You just have to love the college football preseason.
Everyone is still undefeated, energized and ready to put their mark on the upcoming season.
This year, there are plenty of teams with hopes of winning conference and even national titles, some much more legitimate than others.
Of course, only one team can win the national title and only a handful of squads will end the season with a conference title.
Everyone else is in for a letdown.
Let's take a look at some of the teams who are poised to fall short of expectations in 2012.
The summer is one time college football programs do not want to be making headlines.
When news comes out in June and July, it is usually regarding player discipline or the commitment of a blue chip recruit.
Unfortunately for Georgia, bad news has come on both fronts lately.
Henry is just one of multiple blue chippers to renege on their commitment to UGA (via Bleacher Report's Barrett Sallee).
Although this obviously doesn't have an immediate impact on Georgia's 2012 season, it may be a sign of things unraveling in Athens.
If that isn't a sign, then the arrest and dismissal of star running back Isaiah Crowell certainly is, and if the situation at Georgia continues to go awry, it could spell trouble for head coach Mark Richt.
On the bright side, the Bulldogs have some capable backs lined up to replace Crowell in Ken Malcome and Keith Marshall (and possibly Richard Samuel, who was moved to fullback). But, there is no arguing that Crowell's departure will hurt.
Another positive is the return of junior quarterback Aaron Murray, who will be back for his third year starting under center for the Dawgs.
But, he will have to deal with the loss of several key pieces on the offensive line in front of him, all the while trying to improve himself.
Although he threw for more than 3,000 yards and 35 touchdowns last year, he regressed from his freshman season by throwing 14 interceptions.
Without Crowell, Georgia's season (and perhaps Mark Richt's job) will depend on the decision making of Murray.
Southern California may be the team we see at the top of the Associated Press and Coaches Polls when they are released during this preseason.
Expectations for USC are as high as any team in the country as Lane Kiffin's Trojans will be bowl eligible for the first time since they have been Lane Kiffin's Trojans.
Perhaps the best and most pleasantly surprising news of the offseason for any team was quarterback Matt Barkley announcing his return to USC.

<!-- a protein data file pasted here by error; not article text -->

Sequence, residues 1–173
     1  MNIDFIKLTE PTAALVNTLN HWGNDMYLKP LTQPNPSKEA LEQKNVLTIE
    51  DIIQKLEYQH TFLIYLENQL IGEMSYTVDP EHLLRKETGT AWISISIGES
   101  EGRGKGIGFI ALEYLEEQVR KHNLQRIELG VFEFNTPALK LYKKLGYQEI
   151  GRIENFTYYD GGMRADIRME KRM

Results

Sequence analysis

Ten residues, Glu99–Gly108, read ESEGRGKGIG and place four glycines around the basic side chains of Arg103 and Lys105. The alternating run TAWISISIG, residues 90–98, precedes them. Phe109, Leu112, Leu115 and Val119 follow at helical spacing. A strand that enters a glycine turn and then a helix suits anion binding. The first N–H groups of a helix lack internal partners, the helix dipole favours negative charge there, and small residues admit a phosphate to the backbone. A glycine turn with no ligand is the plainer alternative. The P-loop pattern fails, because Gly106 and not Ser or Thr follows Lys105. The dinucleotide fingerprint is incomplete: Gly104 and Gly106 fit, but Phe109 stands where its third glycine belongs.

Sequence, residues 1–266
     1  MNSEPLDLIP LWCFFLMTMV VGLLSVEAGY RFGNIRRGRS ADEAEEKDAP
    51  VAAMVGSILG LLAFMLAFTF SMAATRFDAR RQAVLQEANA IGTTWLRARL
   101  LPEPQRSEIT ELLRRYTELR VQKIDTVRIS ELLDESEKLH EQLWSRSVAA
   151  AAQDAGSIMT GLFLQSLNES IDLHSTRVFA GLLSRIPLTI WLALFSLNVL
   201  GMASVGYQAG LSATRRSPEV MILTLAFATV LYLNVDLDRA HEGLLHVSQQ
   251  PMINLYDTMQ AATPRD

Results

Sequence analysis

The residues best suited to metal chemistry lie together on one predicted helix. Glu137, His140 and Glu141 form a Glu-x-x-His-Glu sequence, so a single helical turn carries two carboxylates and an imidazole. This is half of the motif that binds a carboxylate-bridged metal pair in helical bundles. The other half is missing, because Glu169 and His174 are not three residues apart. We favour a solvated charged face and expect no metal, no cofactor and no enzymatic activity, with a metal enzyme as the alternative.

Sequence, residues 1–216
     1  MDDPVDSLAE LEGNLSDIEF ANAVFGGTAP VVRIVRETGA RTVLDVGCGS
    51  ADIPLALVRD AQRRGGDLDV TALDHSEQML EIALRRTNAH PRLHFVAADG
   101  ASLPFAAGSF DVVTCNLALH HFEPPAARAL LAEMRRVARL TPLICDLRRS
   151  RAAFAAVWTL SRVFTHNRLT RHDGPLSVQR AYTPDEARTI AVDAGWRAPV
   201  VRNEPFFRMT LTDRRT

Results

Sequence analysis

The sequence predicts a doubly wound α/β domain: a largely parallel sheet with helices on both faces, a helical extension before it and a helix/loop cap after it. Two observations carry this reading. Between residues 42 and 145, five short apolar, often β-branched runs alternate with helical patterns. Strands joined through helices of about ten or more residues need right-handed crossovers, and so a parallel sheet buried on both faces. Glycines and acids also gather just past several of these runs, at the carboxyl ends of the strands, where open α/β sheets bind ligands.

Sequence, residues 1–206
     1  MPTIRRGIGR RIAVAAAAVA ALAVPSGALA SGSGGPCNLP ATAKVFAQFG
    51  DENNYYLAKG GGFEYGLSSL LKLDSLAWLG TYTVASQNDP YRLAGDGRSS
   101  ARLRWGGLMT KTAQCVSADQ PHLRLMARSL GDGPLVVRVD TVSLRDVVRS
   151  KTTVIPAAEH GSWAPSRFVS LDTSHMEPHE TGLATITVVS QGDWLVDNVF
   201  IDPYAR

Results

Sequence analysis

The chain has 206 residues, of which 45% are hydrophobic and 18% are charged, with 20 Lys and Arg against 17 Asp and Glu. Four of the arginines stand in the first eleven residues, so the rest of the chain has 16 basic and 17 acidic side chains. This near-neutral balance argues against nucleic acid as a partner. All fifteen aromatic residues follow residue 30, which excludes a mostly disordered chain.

However, the health of his best receiver Robert Woods is still uncertain, as he has been hampered by an ankle injury since 2011.
Fortunately, the Trojans will return their top running back in Curtis McNeal.
The Trojans are rightfully a favorite to take the Pac-12 title and they have one of the best shots at claiming the national title as well.
But, they will be at a massive loss on their offensive front with the departure of Matt Kalil, the No. 4 overall selection in the NFL draft, who was arguably the best offensive lineman in the nation last year.
USC will also suffer a big loss on its defensive front, as defensive end Nick Perry took his 54 tackles, 13 tackles for a loss and 9.5 sacks to the NFL. The defense will also lose a solid linebacker in Chris Galippo.
Also, history will not on the Trojans' side if they do indeed garner the No. 1 preseason, as none of the last seven teams to do so finished the season No. 1.
As high as expectations are, just one loss could figure to be a letdown for USC this year.
When you win a national championship, there is only one way to avoid a letdown the following season: win it again.
For the Crimson Tide, that won't be an easy task, considering they will have to deal with more losses than any other team in the country.
Four NFL first-rounders must be replaced—running back Trent Richardson and three outstanding defenders in Mark Barron, Dre Kirkpatrick and Dont'a Hightower.
Not to mention the most outstanding defensive player from last year's national title game, Courtney Upshaw, along with two more key defenders in Josh Chapman and De'Quan Menzie, and their top receiver Marquis Maze.
Only Alabama would still be considered a SEC and national title threat after those incredible losses.
But, 'Bama is 'Bama, and Nick Saban and Kirby Smart (arguably the best coaching tandem in college football) will lead the Tide with more inflated expectations into 2012.